My daughter is nearly twelve and for the last few months our relationship has been deteriorating steadily. She's such a different personality from me that I found my intuition - which has always helped me greatly with my son - was of no use at all. All I knew was that on a daily basis I was failing as a parent and neither of us were having any fun.
Staying Connected To Your Teenager has been extremely helpful in providing some perspective and some useful suggestions. Like many other books of this type, often the greatest benefit comes from stepping back a little and considering events from a slightly new perspective. When I disagree with the author I find myself having to think through my own approach carefully, which is very beneficial. And when the author seems to be on solid ground I feel as if I've been given a key to the door that has until now barred the way between my daughter and me.
As a European I'm still puzzled as to why American teenagers seem to be so much more difficult to handle than teenagers in other cultures. Perhaps it is a combination of an extended childhood, the lack of serious responsibilities, and an entertainment-oriented lifestyle in which if things are not effortlessly fun they are automatically boring. But whatever the underlying causes of American Teenage Malaise, my daughter is 100% American raised and consequently I need to understand how to be a more effective parent in this context. This book has provided me with several useful approaches and has led to me developing several more as a result of thinking through matters in light of the author's observations.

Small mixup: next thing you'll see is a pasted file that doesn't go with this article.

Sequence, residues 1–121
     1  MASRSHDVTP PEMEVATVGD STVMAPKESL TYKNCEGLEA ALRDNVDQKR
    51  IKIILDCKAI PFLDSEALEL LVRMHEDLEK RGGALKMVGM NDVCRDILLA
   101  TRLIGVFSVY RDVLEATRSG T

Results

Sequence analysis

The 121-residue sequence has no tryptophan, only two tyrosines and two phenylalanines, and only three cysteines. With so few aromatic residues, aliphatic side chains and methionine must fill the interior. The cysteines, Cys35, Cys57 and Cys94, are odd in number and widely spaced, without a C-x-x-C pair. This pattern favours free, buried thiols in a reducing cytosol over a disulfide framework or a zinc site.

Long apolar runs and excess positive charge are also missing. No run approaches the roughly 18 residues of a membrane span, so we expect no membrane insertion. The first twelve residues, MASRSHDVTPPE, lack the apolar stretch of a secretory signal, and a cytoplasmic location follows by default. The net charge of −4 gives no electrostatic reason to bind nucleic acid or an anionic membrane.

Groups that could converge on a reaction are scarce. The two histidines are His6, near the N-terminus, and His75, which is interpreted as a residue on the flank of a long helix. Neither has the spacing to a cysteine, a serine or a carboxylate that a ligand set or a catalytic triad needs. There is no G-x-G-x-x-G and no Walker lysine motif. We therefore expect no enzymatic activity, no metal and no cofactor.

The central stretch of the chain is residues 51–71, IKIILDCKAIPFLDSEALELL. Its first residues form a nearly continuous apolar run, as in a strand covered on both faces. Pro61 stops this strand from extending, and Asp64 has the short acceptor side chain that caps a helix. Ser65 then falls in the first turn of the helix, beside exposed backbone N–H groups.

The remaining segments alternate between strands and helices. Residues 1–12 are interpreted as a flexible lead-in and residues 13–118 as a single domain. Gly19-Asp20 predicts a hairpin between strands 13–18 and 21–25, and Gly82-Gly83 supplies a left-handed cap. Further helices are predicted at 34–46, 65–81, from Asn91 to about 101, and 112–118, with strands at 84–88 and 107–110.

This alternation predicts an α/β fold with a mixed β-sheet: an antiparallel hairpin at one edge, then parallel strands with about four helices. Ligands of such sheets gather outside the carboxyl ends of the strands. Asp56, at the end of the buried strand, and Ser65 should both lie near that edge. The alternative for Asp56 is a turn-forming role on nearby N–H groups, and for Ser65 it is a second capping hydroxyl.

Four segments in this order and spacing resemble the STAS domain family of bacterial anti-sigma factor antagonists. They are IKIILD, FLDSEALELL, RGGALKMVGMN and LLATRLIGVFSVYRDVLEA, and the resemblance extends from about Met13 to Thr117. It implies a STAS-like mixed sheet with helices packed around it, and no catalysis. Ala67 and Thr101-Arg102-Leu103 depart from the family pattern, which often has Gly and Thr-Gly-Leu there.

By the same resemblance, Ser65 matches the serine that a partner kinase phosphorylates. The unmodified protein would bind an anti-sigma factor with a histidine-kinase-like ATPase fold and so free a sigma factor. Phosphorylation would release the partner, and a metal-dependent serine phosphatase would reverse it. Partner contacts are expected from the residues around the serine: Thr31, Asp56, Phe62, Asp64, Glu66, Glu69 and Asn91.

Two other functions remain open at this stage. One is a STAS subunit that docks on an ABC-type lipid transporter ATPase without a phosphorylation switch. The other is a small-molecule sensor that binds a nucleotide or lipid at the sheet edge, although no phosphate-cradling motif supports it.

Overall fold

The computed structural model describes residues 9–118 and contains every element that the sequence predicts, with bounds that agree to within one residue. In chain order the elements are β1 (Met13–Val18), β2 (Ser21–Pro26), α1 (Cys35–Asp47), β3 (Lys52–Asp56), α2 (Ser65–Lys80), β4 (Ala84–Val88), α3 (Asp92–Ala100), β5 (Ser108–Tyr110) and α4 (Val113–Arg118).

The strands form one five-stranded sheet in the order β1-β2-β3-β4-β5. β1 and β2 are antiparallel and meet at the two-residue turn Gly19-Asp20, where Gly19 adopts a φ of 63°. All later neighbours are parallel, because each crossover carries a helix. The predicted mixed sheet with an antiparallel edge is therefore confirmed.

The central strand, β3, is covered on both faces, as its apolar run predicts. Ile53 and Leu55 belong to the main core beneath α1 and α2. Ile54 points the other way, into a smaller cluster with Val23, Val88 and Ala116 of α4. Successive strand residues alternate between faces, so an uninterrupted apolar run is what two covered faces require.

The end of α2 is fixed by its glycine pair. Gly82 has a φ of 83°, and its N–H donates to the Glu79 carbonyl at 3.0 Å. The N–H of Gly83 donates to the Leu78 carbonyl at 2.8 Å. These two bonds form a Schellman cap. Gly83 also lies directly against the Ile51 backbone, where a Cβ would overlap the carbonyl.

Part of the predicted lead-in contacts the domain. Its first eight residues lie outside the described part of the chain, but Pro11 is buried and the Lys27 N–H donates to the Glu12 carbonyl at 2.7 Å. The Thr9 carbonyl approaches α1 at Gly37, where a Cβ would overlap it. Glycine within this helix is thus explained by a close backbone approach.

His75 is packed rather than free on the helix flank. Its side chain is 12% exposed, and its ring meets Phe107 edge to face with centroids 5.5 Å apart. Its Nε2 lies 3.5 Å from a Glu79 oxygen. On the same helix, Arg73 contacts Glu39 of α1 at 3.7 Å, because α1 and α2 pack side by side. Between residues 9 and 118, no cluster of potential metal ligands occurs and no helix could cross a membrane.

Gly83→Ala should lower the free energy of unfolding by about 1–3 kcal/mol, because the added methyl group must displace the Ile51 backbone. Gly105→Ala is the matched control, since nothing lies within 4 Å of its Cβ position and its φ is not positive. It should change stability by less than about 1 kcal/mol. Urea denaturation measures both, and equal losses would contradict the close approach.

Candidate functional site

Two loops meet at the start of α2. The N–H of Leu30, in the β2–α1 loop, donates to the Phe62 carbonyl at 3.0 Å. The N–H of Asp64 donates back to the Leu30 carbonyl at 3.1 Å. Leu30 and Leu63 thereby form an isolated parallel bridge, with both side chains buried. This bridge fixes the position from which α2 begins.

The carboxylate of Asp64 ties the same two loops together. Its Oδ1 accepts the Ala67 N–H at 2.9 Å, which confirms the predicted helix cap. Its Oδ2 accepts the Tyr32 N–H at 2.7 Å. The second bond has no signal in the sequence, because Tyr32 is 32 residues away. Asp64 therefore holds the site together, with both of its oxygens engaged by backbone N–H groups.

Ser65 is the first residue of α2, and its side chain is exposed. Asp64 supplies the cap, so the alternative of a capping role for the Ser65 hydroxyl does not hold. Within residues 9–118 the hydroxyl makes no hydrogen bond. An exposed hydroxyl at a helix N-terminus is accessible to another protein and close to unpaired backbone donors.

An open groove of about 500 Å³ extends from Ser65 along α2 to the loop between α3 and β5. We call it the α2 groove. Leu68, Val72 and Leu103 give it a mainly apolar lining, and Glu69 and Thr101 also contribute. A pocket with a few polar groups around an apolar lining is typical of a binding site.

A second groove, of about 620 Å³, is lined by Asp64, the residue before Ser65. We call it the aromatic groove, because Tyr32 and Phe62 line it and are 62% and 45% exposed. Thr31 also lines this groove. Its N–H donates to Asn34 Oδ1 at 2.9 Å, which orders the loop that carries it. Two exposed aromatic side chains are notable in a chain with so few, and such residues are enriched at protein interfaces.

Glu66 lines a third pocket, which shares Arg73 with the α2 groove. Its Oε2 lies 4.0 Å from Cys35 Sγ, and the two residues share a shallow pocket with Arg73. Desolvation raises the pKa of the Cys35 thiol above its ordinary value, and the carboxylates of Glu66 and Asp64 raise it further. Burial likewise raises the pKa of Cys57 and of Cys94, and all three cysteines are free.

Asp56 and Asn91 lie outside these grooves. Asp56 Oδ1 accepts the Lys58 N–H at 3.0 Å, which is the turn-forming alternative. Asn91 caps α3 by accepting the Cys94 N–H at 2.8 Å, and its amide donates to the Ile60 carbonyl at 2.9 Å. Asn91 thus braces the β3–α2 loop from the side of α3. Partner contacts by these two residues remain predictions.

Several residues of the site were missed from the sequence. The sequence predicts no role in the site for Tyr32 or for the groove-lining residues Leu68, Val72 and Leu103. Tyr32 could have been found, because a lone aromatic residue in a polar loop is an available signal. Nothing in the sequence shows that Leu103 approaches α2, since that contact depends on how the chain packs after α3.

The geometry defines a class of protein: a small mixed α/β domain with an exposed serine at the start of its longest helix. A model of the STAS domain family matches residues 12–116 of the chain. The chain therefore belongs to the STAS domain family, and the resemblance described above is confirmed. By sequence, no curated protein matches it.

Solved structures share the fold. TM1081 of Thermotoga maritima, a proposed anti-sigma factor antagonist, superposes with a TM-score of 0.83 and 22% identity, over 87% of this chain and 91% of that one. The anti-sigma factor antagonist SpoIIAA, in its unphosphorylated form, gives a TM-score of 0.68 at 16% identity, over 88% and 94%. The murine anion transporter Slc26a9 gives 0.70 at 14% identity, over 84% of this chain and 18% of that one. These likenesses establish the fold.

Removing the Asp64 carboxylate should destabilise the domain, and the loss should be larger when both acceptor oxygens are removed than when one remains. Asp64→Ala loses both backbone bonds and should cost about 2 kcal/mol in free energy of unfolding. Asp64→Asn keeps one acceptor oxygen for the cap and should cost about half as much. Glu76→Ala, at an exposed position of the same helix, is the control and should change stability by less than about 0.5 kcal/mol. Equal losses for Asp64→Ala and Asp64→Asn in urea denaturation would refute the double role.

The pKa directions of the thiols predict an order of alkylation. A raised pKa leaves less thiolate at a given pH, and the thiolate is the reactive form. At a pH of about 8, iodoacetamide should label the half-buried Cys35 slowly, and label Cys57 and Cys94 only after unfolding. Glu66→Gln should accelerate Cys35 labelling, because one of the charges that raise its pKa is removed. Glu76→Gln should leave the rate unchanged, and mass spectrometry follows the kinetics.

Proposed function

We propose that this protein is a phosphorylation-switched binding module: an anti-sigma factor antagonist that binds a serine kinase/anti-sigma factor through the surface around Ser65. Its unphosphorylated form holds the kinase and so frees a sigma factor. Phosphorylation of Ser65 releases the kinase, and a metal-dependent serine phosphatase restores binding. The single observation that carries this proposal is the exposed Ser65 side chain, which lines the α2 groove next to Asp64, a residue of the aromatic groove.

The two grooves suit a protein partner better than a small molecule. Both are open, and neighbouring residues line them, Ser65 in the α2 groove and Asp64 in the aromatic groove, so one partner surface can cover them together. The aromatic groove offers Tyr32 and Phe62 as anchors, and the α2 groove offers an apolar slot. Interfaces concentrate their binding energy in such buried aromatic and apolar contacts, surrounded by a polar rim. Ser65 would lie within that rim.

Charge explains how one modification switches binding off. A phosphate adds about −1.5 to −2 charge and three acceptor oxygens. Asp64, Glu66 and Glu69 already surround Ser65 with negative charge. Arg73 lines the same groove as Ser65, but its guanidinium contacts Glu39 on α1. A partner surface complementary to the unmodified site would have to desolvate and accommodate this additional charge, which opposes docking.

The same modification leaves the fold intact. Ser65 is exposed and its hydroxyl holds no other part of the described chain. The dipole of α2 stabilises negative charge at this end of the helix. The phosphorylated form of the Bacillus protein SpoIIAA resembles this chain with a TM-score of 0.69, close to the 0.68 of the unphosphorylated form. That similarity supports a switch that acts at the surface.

I do wish there was an alternative to the standard American approach to sexuality but the innate assumptions of the author, made explicit, have helped me to understand a little more how US culture sees this area of human activity and therefore, by extension, how my daughter will increasingly see it as she grows up. I may not like it, but I need to understand it and react accordingly, even while I yearn for some way that she could spend a few years elsewhere to round out her understanding and provide a more adult context for this important part of human life.
I can recommend this highly to anyone struggling with the teenage years, even if - as is my case - the children in question aren't even officially teenagers yet.